That's when the blame games really kick off, and a year ago this week, it was Death Note in the frame.
On February 20th 2013, a fifteen year old girl leapt from the 13th floor of an apartment building in Yekaterinburg, Russia. Her suicide note simply read, 'I don't want to live anymore'.
What drew the ire of her distraught parents towards Death Note was where the missive was left - on a pile of four volumes of the manga.
There was apparently no other link. She didn't write, nor tell friends, that Light Yagami had told her to do it. Nor did she seem to have any avowed affinity with Naomi Misora. It was just the position of the suicide note that made the link.
However, the teenager's bereft parents quickly blamed Death Note for making suicide seem so enticing.
That fury was channelled into a protest against the manga. Russian parents soon began campaigning for President Vladimir Putin to ban Death Note outright from the country.
Does Death Note Promote Suicide?
The parents protesting in the Urals stated that the story 'arouses an interest in death'. But so does living. And I'd argue that this particular manga actually warns against death.
As a Death Note fan, I know that there's nothing in the story to spark any wish to end your life. It's a dark tale, but those who die stay dead.
There's no fantasy Other World to entice the lost and lonely like, say, the Annwn of the Mabinogion or the Tír na nÓg of the Tain. The only supernatural realm present in the narrative is the home of the Shinigami, but mortals don't go there. It's for the Death Gods alone.
For a manga story so concerned with death and destruction, there's not even a single ghost. This isn't Bleach.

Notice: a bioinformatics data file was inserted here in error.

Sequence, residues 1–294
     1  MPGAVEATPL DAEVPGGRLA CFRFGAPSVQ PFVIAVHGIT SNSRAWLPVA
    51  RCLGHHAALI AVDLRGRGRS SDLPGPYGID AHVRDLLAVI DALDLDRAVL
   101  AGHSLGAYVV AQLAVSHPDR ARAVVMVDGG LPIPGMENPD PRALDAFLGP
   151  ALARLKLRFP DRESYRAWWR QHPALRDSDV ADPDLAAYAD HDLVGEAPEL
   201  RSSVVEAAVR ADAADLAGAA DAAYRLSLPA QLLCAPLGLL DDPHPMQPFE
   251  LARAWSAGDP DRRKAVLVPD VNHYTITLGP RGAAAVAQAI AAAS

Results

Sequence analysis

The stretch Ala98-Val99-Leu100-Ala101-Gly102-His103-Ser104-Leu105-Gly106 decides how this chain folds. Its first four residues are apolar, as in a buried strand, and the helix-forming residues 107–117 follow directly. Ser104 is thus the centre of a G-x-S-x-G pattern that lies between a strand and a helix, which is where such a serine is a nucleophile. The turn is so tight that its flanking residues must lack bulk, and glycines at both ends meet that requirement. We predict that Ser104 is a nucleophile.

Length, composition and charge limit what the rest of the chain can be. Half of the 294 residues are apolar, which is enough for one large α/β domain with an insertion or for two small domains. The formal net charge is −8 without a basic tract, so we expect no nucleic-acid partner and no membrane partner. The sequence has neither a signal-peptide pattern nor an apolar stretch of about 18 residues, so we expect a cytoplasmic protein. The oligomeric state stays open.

On the contrary, the only Fate mentioned for humans beyond death is Mu. That is the nothingness, the loss of all existence, for those who touch a Death Note. As for everyone else, the Death Note universe and its implied philosophy is completely silent on the matter.
If anything, Death Note is all about survival. People do reckless things, but the narrative is ultimately about a lot of individuals going out of their way to stay alive. If life wasn't so precious, then nobody would have cared enough about Kira to try and stop him.
My heart goes out to this girl's parents, and all others who loved her. They all have my profound condolences. But I'm hard pushed to think of anything in Death Note that could have inspired that leap, even if read through the twisted interpretations of extreme distress.
What do you all think?
Was Death Note Banned in Russia?
Death Note was translated into Russian in 2012. It had long since been available on-line in Japanese, English and many other languages besides, so this wasn't the first time that Russians per se had access to it.
(In fact, I had two Russian Death Note fans ask permission to translate my fan-fiction back in 2009. They'd long since got past the point of enjoying the canon and well into the realms of fan produced stories in foreign languages!
Blanket permission was granted for them to translate any and all of my Death Note fan-fiction. They duly did so and added it to an already bustling Russian Death Note fan forum, which was bursting at the seams with stories based on the manga.)
President Putin has hitherto ignored calls for Russia to ban Death Note anime, manga and other related media. Hence the Russian Death Note fandom are still able to hear Nika Lenina's beautiful version of the original ending theme song.
I just wish that the poor girl in Yekaterinburg could too.